CONFERENCE PAPER

Baumgartner CF, Kamnitsas K, Matthew J, Smith S, Kainz B, Rueckert Det al., 2016, Real-time standard scan plane detection and localisation in fetal ultrasound using fully convolutional neural networks, Pages: 203-211, ISBN: 9783319467221

© Springer International Publishing AG 2016. Fetal mid-pregnancy scans are typically carried out according to fixed protocols. Accurate detection of abnormalities and correct biometric measurements hinge on the correct acquisition of clearly defined standard scan planes. Locating these standard planes requires a high level of expertise. However,there is a worldwide shortage of expert sonographers. In this paper,we consider a fully automated system based on convolutional neural networks which can detect twelve standard scan planes as defined by the UK fetal abnormality screening programme. The network design allows real-time inference and can be naturally extended to provide an approximate localisation of the fetal anatomy in the image. Such a framework can be used to automate or assist with scan plane selection,or for the retrospective retrieval of scan planes from recorded videos. The method is evaluated on a large database of 1003 volunteer mid-pregnancy scans. We show that standard planes acquired in a clinical scenario are robustly detected with a precision and recall of 69% and 80%,which is superior to the current state-of-the-art. Furthermore,we show that it can retrospectively retrieve correct scan planes with an accuracy of 71% for cardiac views and 81% for non-cardiac views.

BOOK CHAPTER

Baumgartner CH, Kamnitsas K, Matthew J, Smith S, Kainz B, Rueckert Det al., 2016, Real-time standard scan plane detection and localisation in fetal ultrasound using fully convolutional neural networks, International Conference on Medical Image Computing and Computer-Assisted Intervention MICCAI 206, Publisher: Springer, Pages: 203-211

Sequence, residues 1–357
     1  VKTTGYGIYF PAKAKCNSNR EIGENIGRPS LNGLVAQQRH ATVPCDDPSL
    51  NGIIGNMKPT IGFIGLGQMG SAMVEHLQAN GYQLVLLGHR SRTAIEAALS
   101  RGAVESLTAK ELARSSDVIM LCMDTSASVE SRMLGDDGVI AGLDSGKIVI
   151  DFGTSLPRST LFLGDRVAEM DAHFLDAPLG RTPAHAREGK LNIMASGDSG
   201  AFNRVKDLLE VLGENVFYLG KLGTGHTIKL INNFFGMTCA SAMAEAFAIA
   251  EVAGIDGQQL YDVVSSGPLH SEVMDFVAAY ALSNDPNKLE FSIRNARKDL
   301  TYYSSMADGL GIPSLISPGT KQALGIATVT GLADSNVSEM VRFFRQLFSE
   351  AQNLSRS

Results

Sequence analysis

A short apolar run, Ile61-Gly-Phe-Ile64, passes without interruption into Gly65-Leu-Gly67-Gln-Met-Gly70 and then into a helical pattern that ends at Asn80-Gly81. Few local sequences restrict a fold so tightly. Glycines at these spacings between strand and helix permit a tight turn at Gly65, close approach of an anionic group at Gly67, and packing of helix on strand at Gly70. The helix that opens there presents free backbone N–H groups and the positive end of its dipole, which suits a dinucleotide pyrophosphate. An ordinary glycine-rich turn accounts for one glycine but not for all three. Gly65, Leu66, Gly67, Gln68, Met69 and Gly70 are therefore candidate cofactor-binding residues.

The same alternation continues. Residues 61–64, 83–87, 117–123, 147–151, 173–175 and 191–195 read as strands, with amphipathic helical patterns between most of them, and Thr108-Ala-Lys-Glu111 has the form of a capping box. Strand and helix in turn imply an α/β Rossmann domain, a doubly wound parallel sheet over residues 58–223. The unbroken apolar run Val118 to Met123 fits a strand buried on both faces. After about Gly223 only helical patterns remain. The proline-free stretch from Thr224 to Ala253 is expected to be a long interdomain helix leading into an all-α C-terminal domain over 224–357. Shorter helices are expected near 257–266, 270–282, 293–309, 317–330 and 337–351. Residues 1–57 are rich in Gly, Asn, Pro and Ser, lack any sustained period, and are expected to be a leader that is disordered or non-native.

Fetal mid-pregnancy scans are typically carried out accordingto fixed protocols. Accurate detection of abnormalities and correctbiometric measurements hinge on the correct acquisition of clearlydefined standard scan planes. Locating these standard planes requires ahigh level of expertise. However, there is a worldwide shortage of expertsonographers. In this paper, we consider a fully automated system basedon convolutional neural networks which can detect twelve standard scanplanes as defined by the UK fetal abnormality screening programme. Thenetwork design allows real-time inference and can be naturally extendedto provide an approximate localisation of the fetal anatomy in the image.Such a framework can be used to automate or assist with scan planeselection, or for the retrospective retrieval of scan planes from recordedvideos. The method is evaluated on a large database of 1003 volunteermid-pregnancy scans. We show that standard planes acquired in a clinicalscenario are robustly detected with a precision and recall of 69 %and 80 %, which is superior to the current state-of-the-art. Furthermore,we show that it can retrospectively retrieve correct scan planes with anaccuracy of 71 % for cardiac views and 81 % for non-cardiac views.

CONFERENCE PAPER

Kainz B, Alansary A, McDonagh ST, Keraudren K, Kuklisova-Murgasova Met al., 2016, Fast motion compensation and super-resolution from multiple stacks of 2D slices